Oldways is creating resources to inspire everyone, from the novice to the experienced cook, to discover how easy, tasty, and affordable it is to eat a diet rich in whole plant foods. In addition to the resources we’ve organized below, you may also want to search for vegetarian and vegan resources on our main resources page.

Getting Started

There’s no time like right now to understand why health professionals are encouraging everyone to eat more plant foods and reap the scientifically proven benefits, which include weight loss, improved health, and longevity.


Defining Vegetarian Diets

Here’s a quick look at several popular diets that all focus on increasing the number and amount of plant foods you eat every day
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Recommended Daily Servings for Each Level of the Pyramid

This guide illustrates the importance of eating foods from all levels of the pyramid every day if you’re a lacto-ovo vegetarian, and from all but the top level if you’re a vegan.

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Frequently Asked Questions

A number of issues commonly crop up concerning vegetarian and vegan diets. Here’s a look at some of the most common queries.
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Infographic: Can Vegetarianism Save the Planet?

Animal raising – the time, effort and resources needed to nurture them for food are far above that of vegetables. In an overcrowded world where resources are sacred, we must look at what would happen if we reduced our animal intake.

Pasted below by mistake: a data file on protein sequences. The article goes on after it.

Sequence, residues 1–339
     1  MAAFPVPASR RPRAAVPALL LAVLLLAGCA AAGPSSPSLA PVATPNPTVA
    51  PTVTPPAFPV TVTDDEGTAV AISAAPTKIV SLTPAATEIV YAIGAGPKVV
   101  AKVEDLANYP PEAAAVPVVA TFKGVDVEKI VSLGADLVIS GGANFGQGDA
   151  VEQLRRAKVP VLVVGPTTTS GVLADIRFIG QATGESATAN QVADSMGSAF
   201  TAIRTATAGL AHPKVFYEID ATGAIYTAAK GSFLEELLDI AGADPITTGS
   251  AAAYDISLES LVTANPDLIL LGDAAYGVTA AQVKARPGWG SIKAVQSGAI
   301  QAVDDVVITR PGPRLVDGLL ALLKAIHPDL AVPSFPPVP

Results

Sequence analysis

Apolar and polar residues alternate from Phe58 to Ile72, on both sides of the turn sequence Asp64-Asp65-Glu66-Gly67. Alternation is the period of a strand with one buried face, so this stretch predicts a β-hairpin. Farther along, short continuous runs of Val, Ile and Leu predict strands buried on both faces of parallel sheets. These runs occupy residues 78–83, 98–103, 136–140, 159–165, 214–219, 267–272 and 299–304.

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The Basics of Plant-Food Nutrition

A well-planned vegetarian or vegan diet provides everything your body needs to thrive. Here’s a guide to plant sources of protein, calcium, vitamin D, and vitamin B-12.


Vegetarian Protein Plant Sources

Most plant foods have some amounts of protein. Some are protein beasts—serving up more per serving than an ounce of meat.
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Vegetarian Calcium Food Sources

Many plant-based foods, such as green vegetables, almonds, and broccoli are rich in calcium, an important nutrient.
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stuffed mushrooms

Vegetarian Vitamin D Food Sources

To meet vitamin D requirements, aim for 10 minutes of sunlight daily, consume vitamin-D fortified foods, and consider taking a vitamin D supplement.
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Vegetarian Vitamin B-12 Food Sources

Vitamin B-12 is mostly available in animal foods. You can also get it in some nutritional yeasts, as well as from fortified cereals and soy milk.
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Plant-Based Milks Guide

Today you can find milk-like beverages made from all sorts of plants, including nuts, seeds, and grains. In general, many plant-based milks are good alternatives to cow’s milk.

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The Plant-Powered Kitchen

Take charge of good nutrition for you and your family by learning how to create delicious, easy, and affordable meals. Cooking doesn’t have to be a chore!